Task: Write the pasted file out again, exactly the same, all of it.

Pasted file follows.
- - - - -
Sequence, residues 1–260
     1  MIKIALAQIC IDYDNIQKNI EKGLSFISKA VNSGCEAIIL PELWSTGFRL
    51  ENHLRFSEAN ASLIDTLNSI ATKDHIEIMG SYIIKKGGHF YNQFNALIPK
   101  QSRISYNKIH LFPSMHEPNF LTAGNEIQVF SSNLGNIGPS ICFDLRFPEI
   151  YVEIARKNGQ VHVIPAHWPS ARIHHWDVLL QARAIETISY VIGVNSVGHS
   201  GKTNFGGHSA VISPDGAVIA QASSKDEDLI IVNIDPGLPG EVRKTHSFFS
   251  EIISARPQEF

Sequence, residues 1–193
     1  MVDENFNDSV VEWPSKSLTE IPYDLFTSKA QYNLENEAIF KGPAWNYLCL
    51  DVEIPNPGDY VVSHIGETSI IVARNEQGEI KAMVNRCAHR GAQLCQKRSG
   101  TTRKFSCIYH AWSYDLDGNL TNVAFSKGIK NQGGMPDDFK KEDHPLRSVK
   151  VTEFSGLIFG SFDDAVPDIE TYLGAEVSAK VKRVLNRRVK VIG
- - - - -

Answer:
Sequence, residues 1–260
     1  MIKIALAQIC IDYDNIQKNI EKGLSFISKA VNSGCEAIIL PELWSTGFRL
    51  ENHLRFSEAN ASLIDTLNSI ATKDHIEIMG SYIIKKGGHF YNQFNALIPK
   101  QSRISYNKIH LFPSMHEPNF LTAGNEIQVF SSNLGNIGPS ICFDLRFPEI
   151  YVEIARKNGQ VHVIPAHWPS ARIHHWDVLL QARAIETISY VIGVNSVGHS
   201  GKTNFGGHSA VISPDGAVIA QASSKDEDLI IVNIDPGLPG EVRKTHSFFS
   251  EIISARPQEF

Sequence, residues 1–193
     1  MVDENFNDSV VEWPSKSLTE IPYDLFTSKA QYNLENEAIF KGPAWNYLCL
    51  DVEIPNPGDY VVSHIGETSI IVARNEQGEI KAMVNRCAHR GAQLCQKRSG
   101  TTRKFSCIYH AWSYDLDGNL TNVAFSKGIK NQGGMPDDFK KEDHPLRSVK
   151  VTEFSGLIFG SFDDAVPDIE TYLGAEVSAK VKRVLNRRVK VIG